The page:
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In an effort to increase the safety of beach and ocean users over the summer months, the Fish Hoek shark exclusion barrier is being deployed from 1 October 2016.

The City of Cape Town’s Shark Spotters Programme will operate at eight beaches in Cape Town from 1 October 2016 to 1 May 2017.

There will be 30 shark spotters and 10 net crew employed to boost beach safety during the upcoming summer season.

‘The Fish Hoek shark exclusion net forms a complete barrier from the sea floor to the sea surface and prevents animals from entering the “exclusion zone” in the southern corner of Fish Hoek Bay. It is deployed and retrieved daily to minimise the risk of entangling marine animals and has been specifically designed to have minimal environmental impact.

‘We will do everything in our power to make this a safe summer season but we need beachgoers to help us and to be aware of the usual increase in in-shore shark activity over the summer months. Pay attention to shark signage when visiting beaches and always obey officials if instructed to leave the water,’ said the City’s Mayoral Committee Member for Energy, Environmental and Spatial Planning, Councillor Johan van der Merwe.The exclusion net will be in operation during the following periods over the summer season:

October 2016
Weekends, public holidays and school holidays
November 2016 to March 2017
Daily (weather permitting)
April 2017
Weekends, public holidays and school holidays

On days that the exclusion net is deployed, the operating hours are between 09:00 and 17:00. The Shark Spotters will keep beach users informed about the deployment of the net via Twitter and Facebook.

The exclusion net will not be deployed if weather conditions (wind and swell) are deemed to be unsuitable. This will be assessed on a daily basis. If weather conditions deteriorate over the course of a day when the net is already deployed, the net may be removed as a precautionary measure. Additionally, if there is a high presence of whales/dolphins or fishing activity in the area, the net will not be deployed.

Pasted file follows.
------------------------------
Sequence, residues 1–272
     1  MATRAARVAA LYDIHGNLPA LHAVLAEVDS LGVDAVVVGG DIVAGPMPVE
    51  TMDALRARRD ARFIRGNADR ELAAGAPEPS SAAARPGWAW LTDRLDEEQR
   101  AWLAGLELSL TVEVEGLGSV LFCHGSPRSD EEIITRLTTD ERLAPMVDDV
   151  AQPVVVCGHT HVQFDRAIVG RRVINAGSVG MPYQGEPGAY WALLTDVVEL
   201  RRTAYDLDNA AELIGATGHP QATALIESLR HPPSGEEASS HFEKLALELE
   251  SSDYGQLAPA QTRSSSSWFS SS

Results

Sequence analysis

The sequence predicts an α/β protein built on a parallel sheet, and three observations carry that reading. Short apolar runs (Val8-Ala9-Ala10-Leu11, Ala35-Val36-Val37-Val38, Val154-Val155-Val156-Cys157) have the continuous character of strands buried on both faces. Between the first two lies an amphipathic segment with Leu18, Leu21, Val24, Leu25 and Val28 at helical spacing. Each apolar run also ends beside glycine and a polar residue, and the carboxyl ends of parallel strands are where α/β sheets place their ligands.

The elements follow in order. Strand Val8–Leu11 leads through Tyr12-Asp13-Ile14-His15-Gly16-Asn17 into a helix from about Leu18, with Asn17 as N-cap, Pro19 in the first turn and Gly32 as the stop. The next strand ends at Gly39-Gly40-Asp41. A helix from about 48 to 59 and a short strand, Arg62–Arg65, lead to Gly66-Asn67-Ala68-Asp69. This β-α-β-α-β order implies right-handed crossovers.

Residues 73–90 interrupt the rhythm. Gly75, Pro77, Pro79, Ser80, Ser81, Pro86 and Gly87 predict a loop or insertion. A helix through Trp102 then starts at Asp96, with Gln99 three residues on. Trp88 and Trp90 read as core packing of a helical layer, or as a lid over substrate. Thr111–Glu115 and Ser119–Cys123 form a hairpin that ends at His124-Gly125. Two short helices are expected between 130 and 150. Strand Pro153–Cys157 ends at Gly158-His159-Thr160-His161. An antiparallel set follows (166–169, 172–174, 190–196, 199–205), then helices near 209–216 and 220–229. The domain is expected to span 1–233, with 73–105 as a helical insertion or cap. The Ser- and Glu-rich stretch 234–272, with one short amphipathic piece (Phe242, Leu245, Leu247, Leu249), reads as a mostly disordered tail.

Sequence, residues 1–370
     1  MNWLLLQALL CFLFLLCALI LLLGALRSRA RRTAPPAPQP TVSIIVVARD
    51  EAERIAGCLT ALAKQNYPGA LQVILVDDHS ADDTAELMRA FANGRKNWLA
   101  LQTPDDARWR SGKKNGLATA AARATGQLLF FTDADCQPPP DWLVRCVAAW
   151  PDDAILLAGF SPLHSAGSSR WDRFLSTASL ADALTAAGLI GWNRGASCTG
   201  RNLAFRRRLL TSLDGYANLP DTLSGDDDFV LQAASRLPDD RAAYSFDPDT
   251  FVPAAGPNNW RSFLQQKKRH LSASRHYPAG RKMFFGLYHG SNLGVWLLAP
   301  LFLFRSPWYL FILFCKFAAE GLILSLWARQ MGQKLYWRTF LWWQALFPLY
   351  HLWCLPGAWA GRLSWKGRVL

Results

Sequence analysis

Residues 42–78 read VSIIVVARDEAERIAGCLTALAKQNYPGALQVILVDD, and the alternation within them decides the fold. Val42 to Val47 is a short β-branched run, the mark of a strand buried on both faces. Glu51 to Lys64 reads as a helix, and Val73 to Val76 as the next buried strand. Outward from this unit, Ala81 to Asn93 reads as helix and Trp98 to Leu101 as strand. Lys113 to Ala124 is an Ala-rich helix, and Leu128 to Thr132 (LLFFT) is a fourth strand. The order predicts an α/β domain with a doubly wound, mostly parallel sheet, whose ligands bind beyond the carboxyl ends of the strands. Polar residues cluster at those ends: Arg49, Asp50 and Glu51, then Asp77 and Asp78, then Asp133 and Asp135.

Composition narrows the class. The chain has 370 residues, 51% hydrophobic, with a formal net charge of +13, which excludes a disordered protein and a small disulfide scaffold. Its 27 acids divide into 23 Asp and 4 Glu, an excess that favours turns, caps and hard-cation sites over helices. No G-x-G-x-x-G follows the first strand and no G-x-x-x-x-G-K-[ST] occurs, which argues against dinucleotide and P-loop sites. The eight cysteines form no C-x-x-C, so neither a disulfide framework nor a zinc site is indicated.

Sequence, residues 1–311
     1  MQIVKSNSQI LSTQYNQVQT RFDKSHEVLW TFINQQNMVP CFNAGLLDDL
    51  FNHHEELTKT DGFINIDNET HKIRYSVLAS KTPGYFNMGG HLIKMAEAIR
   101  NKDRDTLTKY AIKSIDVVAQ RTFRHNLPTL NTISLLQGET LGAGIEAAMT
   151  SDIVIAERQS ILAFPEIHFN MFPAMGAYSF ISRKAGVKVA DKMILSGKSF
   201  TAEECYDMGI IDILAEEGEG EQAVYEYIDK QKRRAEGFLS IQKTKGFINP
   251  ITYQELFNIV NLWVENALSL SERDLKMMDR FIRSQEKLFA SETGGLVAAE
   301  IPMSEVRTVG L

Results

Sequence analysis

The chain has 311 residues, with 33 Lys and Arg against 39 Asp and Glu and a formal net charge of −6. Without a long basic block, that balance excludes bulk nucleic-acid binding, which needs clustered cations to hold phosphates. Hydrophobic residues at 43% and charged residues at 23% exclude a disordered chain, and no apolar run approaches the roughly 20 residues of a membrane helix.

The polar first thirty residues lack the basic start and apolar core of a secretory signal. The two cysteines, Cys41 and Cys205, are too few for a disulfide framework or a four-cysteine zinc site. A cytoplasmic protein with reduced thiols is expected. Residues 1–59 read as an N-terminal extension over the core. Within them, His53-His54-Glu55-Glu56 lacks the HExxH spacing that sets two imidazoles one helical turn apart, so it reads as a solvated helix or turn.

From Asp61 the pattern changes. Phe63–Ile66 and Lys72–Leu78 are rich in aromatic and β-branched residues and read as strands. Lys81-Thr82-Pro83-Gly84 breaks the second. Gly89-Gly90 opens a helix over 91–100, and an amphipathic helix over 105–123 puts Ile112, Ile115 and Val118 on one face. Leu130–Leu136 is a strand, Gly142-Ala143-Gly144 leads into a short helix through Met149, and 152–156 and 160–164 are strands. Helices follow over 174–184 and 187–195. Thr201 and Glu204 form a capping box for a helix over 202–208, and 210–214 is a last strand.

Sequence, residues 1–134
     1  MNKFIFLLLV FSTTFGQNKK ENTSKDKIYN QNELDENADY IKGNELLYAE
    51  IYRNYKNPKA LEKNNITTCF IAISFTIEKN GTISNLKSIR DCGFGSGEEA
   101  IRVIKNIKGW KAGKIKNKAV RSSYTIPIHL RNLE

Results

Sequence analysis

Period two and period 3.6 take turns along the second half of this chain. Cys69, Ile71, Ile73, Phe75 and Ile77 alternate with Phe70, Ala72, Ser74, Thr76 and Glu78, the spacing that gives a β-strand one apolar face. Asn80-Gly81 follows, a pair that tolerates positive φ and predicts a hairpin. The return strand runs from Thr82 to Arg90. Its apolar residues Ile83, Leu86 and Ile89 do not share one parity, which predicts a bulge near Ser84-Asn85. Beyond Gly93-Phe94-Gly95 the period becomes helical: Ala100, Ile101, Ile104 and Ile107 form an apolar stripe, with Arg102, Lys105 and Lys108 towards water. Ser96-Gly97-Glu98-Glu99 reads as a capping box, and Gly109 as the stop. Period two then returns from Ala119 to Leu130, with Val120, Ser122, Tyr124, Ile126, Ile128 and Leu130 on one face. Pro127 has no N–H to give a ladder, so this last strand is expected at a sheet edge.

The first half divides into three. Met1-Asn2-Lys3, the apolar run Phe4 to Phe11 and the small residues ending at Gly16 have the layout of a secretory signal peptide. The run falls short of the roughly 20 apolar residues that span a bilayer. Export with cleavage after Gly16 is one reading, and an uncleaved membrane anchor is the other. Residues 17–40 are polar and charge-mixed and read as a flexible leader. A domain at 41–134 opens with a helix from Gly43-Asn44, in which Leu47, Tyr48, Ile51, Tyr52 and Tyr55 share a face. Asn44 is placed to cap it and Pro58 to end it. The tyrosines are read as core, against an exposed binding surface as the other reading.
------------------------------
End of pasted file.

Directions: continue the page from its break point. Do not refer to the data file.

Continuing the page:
The Shark Spotters Information Centre, which is situated at Muizenberg Surfer’s Corner, is open to members of the public from 08:00 to 18:00 seven days a week. The centre provides up-to-date information on sharks and marine ecology, basic first-aid, general public assistance and emergencies, storage of valuables and lost property.

Shark Spotters will operate at the following beaches:​

Beach
Summer (October 2016 to April 2017)
Muizenberg
Monday – Sunday, 08:00 – 18:00
St James/Kalk Bay
Monday – Sunday, 08:00 – 18:00
Fish Hoek
Monday – Sunday, 07:00 – 18:45
Caves, Kogel Bay
Monday – Sunday, 08:00 – 18:00
Noordhoek (The Hoek)
Monday – Sunday, 08:00 – 18:00 (September to May)
Clovelly
Weekends, public holidays and school holidays
10:00 – 17:00
Glencairn
Weekends, public holidays and school holidays
08:00 – 18:00
Monwabisi
Weekends, public holidays and school holidays
08:00 – 18:00

For more information on the latest shark sightings and research, residents should please visit www.sharkspotters.org.za or follow the Shark Spotters on Twitter (@SharkSpotters) and Facebook (www.facebook.com/SharkSpotters).

Members of the public are encouraged to report any sightings of white sharks to the Shark Spotters. General shark safety tips include:
· using beaches where Shark Spotters are on duty
· taking the time to speak to the Shark Spotters on the day you visit the beach
· using the Shark Spotters signs to familiarise yourself with the four-flag warning system and warning siren
· not swimming, surfing or surf-skiing when birds, dolphins or seals are feeding nearby
· not swimming, surfing or surf-skiing where trek-netting, fishing or spear fishing is taking place
· not swimming in deep water beyond the breakers
· not swimming if you are bleeding
· not swimming near river mouths
· not swimming, surfing or surf-skiing at night
· not swimming, surfing or surf-skiing if there has been a whale stranding nearby
· obeying beach officials, lifeguards and Shark Spotters if told to leave the water
· being aware that the rate of encounters with white sharks rises significantly when the water temperature is warmer (18ºC or higher), and during new moon, due to increased opportunities for feeding
· considering using another beach if a shark has recently been sighted in a particular area where no Shark Spotters are present
· asking the local law enforcement official, lifeguards or locals about the area if you are a first-time user
· paddling in groups, and staying close together (in a diamond formation) for those who are kayaking or surf-skiing far out to the sea
· considering the use of a personal shark shield when you go surfing or kayaking
· paying attention to any shark signage on beaches​

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